Again, most women won’t have the same experience. Being pregnant with allergies can be difficult. According to the Mayo Clinic, common allergy relievers such as Claritin and Alavert are considered category B drugs. Medications with this classification are tested through animal studies and show that there is no obvious risk to fetuses. However, there are no controlled studies completed on women. Therefore, there may be a risk to the mother and fetus. Experts suggest weighing the risks with the severity of symptoms.

Nine months of being allergy-free continued, and when my first child was born, I still felt great. My respiratory health had never been better. Colds and coughs that used to linger didn’t anymore. One year later, I weaned my son and became pregnant again.

I experienced the same relief with my second pregnancy. However, once I weaned my daughter, my asthma returned.

Asthma After Pregnancy and Beyond: A New Game Plan

I had not been to the doctor to discuss my asthma in nearly 10 years. Sure, I would get my inhaler prescription updated, but no real in-depth conversations took place until my breathing got worse.

It started with an ear infection. An adult with an ear infection? Yes, it can happen, and a few years ago, it did. My daughter and I both got ear infections at the same time. We were miserable. I went to the doctor to discuss my pain. I got my antibiotics, but she wanted to have another conversation.

When she examined me, she found sinus inflammation, nasal polyps, and chest sounds that worried her. I reminded her that I had asthma. She asked me what I had been doing to maintain my asthma and allergies. Looking back, I had to admit to her that I could have been doing more. My old checklist of daily things I should have been doing wasn’t getting done. With two kids to mind, I was lucky to remember to take my allergy pill.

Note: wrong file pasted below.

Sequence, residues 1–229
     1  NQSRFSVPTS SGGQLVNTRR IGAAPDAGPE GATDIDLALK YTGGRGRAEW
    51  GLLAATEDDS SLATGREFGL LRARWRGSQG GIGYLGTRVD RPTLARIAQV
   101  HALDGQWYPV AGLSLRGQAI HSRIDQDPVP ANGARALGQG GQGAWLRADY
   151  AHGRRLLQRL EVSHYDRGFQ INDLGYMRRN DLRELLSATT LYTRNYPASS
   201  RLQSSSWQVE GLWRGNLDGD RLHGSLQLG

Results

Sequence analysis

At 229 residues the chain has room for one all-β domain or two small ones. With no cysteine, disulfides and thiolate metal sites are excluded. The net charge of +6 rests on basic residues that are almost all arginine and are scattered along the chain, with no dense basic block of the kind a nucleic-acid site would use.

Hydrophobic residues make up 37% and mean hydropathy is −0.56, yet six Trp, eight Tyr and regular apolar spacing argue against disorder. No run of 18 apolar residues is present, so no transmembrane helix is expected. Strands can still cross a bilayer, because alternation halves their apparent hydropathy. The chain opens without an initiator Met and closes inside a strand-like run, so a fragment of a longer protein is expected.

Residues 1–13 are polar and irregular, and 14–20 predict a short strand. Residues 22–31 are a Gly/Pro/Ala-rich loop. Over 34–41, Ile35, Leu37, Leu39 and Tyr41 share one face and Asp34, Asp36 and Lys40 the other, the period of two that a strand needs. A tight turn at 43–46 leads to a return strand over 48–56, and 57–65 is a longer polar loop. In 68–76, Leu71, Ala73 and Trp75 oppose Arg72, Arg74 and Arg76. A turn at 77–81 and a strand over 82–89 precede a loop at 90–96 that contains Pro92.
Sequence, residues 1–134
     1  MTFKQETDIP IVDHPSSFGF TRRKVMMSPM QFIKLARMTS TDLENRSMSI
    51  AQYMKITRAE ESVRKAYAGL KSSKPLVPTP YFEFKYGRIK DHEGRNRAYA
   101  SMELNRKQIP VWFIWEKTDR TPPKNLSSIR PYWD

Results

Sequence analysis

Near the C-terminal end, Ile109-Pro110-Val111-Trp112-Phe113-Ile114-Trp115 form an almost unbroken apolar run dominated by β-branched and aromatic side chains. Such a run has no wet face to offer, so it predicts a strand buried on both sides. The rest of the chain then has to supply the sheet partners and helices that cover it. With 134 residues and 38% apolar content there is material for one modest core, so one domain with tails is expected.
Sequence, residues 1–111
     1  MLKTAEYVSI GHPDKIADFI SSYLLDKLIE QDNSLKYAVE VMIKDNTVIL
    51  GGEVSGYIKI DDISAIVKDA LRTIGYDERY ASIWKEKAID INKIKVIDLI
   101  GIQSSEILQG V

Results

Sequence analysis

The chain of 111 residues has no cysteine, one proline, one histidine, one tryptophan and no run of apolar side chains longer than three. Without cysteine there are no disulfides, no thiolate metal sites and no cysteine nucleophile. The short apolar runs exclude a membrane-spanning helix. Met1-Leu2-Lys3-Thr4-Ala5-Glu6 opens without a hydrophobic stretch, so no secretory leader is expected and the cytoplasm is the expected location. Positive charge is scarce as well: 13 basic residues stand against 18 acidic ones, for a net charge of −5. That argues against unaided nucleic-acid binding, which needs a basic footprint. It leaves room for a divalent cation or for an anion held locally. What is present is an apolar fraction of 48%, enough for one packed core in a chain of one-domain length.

She sat me down and we made a new asthma action plan. My doctor informed me that my health insurance provider now required every patient with asthma to create one. This news was a surprise to me, but going through my management plan with my doctor was exactly what I needed to motivate me to take better care of my lung health. My doctor also gave me ideas on how to get my household clean. Due to a severe allergy to mold commonly found in dirt and plants, I had to remove all my houseplants. I also had to clean all the drapery, bedding, and carpeting.

It took at least a year, but eventually I started feeling normal again. Of course, I still carry my rescue inhaler on me. My life depends on it. 

My Progress With Asthma

Over time, our bodies change and grow. Where we live and the environments we subject our bodies to impact our health as well. For someone struggling with a chronic disease like asthma, there will always be a progression. Sometimes it’s under control, and other times, getting through the day is tough. Thankfully, medical science today makes it easy to find the right treatments to keep us strong. Read more about Asthma here